Florida April 7, 1960
In companionship and comfort, an older couple sleeps on a Florida bus or streetcar, sheltered by the man’s white slightly tipped hat. Unaware of the people and conversations behind them, they sleep, resting in each other’s souls. They appear joined at the shoulder, she blending into him and he blending into her, decades of marriage creating their invisible bond. Repeated patterns – the roofline grid, the horizontal rows of windows, s32 S32 s31 S31 stenciled in white, people lined up two-by-two – repeat a steady rhythm of clacking tracks that lulls the couple into their public siesta.
Bright backlighting from the windows gives the background an ethereal feel; it makes the couple “pop” visually and brings the focus onto their relationship. The light softens the folds of the couple’s faces and gently washes across the top of the white hat. The photograph communicates peace in their camaraderie, celebrating a lifetime of enduring love.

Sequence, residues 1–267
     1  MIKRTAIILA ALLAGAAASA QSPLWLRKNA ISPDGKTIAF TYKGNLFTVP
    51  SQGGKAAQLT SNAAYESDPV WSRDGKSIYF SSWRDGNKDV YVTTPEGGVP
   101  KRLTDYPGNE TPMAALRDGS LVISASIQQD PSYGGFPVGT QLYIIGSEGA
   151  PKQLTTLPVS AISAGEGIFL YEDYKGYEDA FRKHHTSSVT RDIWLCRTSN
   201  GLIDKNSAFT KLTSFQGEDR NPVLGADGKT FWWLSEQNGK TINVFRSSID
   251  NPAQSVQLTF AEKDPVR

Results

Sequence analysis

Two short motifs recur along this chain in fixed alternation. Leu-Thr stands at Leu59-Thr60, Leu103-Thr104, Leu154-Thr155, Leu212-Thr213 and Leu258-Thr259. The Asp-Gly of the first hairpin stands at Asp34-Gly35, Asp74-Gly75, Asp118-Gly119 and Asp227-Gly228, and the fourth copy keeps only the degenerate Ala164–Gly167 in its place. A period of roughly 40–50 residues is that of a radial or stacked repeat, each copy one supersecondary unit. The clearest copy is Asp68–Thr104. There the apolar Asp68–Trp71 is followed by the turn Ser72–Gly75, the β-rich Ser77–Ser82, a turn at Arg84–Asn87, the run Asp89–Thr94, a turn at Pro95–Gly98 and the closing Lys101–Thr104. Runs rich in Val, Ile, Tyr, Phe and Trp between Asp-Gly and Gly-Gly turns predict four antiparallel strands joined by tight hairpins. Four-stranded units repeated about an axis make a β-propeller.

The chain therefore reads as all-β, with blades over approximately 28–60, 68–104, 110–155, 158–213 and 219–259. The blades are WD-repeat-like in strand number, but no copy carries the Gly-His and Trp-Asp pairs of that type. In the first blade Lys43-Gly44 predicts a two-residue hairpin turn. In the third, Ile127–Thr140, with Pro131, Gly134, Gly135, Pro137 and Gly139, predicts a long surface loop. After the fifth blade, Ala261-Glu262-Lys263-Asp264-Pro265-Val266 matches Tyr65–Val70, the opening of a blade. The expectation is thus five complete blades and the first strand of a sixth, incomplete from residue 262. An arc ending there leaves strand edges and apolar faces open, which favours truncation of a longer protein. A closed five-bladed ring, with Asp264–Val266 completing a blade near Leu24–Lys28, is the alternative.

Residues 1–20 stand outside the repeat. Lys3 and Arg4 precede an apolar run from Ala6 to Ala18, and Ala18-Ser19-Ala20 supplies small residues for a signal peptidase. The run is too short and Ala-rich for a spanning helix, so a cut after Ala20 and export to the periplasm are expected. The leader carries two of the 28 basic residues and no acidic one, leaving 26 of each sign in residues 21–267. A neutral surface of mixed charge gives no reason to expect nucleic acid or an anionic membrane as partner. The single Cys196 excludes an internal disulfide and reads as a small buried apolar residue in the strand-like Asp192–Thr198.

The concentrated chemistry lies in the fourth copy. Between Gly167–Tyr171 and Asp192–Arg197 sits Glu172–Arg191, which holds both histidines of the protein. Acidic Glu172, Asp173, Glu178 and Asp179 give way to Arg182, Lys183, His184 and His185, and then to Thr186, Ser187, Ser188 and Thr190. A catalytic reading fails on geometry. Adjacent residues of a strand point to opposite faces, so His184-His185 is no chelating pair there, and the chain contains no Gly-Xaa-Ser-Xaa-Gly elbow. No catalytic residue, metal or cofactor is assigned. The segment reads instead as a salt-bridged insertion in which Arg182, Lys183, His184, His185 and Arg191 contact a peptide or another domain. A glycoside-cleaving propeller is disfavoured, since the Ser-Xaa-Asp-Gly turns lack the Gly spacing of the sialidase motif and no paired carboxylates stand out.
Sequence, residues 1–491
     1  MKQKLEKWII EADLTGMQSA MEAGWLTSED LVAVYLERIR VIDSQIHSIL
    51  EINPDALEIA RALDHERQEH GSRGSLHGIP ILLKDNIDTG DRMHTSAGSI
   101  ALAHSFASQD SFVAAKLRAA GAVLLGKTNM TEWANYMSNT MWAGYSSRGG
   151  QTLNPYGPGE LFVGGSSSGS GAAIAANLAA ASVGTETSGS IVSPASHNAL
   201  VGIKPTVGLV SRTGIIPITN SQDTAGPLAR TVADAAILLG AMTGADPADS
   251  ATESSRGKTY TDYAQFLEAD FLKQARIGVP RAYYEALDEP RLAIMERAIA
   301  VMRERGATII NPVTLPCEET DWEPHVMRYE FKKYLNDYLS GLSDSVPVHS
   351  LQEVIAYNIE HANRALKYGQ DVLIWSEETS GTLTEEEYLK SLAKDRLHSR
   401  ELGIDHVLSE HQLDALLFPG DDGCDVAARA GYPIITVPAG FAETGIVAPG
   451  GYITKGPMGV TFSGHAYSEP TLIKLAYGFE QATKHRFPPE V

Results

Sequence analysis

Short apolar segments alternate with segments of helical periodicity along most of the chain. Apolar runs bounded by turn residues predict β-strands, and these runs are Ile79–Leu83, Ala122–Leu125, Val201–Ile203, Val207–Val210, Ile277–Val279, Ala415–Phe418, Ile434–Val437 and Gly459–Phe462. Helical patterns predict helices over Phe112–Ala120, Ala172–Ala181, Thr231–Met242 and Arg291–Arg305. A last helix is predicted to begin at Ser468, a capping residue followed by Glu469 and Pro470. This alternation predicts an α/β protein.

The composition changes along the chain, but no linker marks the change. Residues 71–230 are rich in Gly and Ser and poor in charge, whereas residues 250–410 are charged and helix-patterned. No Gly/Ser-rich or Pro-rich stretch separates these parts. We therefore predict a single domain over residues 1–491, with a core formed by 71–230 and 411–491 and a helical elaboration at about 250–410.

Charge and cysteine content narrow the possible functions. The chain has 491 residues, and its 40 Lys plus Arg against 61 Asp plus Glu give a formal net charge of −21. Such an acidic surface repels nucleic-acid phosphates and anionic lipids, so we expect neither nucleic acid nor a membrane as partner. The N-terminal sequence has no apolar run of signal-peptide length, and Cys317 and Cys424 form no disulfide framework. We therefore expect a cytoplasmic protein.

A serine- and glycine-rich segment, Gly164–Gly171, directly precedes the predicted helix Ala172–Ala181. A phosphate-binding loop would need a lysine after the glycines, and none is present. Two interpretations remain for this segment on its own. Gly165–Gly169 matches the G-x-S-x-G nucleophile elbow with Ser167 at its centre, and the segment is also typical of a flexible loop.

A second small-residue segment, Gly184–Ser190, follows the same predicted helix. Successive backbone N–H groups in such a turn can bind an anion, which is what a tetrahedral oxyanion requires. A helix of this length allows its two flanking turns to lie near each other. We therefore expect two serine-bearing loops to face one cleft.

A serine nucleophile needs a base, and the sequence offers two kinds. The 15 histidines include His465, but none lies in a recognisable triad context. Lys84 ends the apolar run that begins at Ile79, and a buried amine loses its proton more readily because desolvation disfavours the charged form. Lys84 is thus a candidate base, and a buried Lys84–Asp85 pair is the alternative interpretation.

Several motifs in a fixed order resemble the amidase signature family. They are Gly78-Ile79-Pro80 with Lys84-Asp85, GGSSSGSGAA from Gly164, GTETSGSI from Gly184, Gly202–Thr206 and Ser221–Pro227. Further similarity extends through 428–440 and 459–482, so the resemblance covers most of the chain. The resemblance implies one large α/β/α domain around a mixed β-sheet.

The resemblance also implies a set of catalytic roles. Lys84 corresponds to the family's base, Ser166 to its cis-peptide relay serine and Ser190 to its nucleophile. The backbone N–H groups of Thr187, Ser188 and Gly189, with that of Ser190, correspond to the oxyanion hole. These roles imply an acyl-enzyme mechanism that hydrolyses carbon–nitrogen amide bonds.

Maier’s composition and use of contrast is exquisite in this photograph. She must have boarded the car or bus and immediately spotted the couple, then positioned herself to quickly make the photograph before they awoke. This moment seems a contrast to Maier’s intensely private, unmarried (as far as we know) life. Perhaps she longed to connect with someone in this intimate way, but her only way of reaching out was once again, through the mirror and glass of her camera.